Friday, April 12, 2024
57.0°F

Idaho lawmakers abandon meeting amid unruly spectators

by KEITH RIDLER Associated Press
| August 25, 2020 4:21 PM

BOISE, Idaho (AP) — One person was taken into custody Tuesday and lawmakers abandoned the room after spectators at a House committee meeting at the Idaho Statehouse became disruptive.

The committee left the room as at least a dozen Idaho State Police formed a shield between them and the crowd of more than 100.

The committee was about to consider changes to liability laws they say are needed to protect businesses, schools and government agencies from lawsuits by people who get COVID-19. Those opposed say the changes could remove accountability for those entities.

The incident follows another on Monday when angry protesters forced their way into the Idaho House gallery that had limited seating because of the coronavirus pandemic, the window of a glass door getting shattered as protesters jostled with police. Protesters were ultimately let in when Republican House Speaker Scott Bedke stepped in, seeking to avoid violence.

Tuesday’s unrest started when the committee chairman, Republican Rep. Greg Chaney, directed two people sitting in an area reserved for credentialed members of the media to leave those seats. Press credentials are controlled by the Capitol Correspondents Association.

“I'm not sure precisely what their goal is, but I'm absolutely sure that the two individuals whom I asked to leave were intending to create a scene," he said. “At times in the last 24 to 36 hours, this building has descended into complete chaos, and the only way to make sure that all citizens feel comfortable coming here to be heard is to make sure that we don't allow rule deviations in general.”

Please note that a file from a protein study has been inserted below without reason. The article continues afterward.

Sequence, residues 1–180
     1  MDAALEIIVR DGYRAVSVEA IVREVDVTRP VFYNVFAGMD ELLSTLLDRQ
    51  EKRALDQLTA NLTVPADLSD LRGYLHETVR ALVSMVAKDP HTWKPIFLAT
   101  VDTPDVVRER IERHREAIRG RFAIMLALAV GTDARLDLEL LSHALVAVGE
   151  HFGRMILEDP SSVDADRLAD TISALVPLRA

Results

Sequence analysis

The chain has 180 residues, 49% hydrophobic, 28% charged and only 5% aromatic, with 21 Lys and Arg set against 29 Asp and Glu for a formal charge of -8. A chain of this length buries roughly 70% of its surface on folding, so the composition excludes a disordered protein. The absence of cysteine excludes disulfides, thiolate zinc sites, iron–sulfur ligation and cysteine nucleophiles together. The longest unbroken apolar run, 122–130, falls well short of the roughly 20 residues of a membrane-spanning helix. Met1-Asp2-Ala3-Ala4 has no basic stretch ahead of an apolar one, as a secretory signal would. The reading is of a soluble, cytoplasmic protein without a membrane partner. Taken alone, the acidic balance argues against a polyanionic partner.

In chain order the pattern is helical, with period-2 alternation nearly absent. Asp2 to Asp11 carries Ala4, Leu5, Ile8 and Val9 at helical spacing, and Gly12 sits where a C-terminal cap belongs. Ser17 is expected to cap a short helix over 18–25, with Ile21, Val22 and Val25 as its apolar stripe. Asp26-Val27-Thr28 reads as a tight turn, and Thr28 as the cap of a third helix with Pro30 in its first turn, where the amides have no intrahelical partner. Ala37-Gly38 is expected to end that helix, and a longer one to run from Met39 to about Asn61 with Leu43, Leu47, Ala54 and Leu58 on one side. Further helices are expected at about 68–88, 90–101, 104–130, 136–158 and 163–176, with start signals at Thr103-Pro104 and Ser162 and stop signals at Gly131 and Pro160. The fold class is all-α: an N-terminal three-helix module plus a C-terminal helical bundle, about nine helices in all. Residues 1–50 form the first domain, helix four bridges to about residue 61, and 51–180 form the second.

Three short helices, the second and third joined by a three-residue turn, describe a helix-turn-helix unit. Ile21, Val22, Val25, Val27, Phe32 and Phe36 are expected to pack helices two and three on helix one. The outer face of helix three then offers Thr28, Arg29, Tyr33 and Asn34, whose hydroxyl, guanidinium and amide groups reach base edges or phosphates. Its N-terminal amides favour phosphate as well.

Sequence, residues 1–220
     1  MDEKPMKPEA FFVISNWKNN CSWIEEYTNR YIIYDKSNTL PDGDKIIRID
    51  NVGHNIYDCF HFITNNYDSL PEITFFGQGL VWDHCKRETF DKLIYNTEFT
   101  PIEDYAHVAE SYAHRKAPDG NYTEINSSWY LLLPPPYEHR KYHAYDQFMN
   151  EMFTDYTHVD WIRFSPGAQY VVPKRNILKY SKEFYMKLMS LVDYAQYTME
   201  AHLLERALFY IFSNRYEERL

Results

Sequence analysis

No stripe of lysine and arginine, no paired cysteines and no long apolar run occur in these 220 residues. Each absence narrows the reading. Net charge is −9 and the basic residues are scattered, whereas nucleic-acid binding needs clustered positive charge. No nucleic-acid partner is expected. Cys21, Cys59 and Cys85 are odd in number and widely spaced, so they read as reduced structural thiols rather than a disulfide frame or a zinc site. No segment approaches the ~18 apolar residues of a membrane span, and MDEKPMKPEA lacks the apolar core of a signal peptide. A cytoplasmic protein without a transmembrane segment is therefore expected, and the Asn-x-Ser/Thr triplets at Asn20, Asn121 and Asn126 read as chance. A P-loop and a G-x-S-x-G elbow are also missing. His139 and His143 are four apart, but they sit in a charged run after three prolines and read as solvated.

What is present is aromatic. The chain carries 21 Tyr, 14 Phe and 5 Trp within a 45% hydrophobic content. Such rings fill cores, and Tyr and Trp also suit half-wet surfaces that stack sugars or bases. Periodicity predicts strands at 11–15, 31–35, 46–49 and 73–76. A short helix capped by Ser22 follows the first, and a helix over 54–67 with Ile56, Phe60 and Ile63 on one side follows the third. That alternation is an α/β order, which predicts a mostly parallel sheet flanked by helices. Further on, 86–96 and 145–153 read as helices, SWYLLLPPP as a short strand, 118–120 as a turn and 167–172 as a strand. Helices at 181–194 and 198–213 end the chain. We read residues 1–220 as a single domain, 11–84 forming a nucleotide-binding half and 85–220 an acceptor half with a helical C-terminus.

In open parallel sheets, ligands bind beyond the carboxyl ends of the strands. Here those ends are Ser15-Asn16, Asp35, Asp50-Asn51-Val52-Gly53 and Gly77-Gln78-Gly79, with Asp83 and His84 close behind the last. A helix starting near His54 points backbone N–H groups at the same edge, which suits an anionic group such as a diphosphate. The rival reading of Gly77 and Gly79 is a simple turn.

Ammon Bundy, an anti-government activist who led the 2016 occupation of the Malheur National Wildlife Refuge in Oregon, took one of the credentialed media seats after lawmakers left the room. He said police and lawmakers were itching to exert their authority after Monday's incident. He said he hadn't instructed anyone to disrupt the meeting, and challenged those who qualified as a credentialed member of the media.

“What does credentialed mean? Who is the freedom of the press for? Those who have credentials? No, it's not,” he told The Associated Press. “The freedom of the press is a protection for the people. You're credentials are great, and I think you guys do a much better job at it than we do, but the fact is the government is not supposed to say this person has the freedom of the press and has a right to be in a certain place and these people don't.”

The committee planned to reconvene later in the day with increased security.

Meanwhile, another committee earlier in the day killed legislation intended to allow greater opportunity for in-person voting for the Nov. 3 general election amid the coronavirus pandemic.

The House State Affairs Committee voted 10-5 to kill the legislation that was a primary reason Republican Gov. Brad Little called the part-time Legislature back for a special session.

The legislation would have allowed counties to create voting centers where residents from different precincts could vote. Elections officials say they’re facing a shortage of poll workers and potentially polling sites in November because of the pandemic.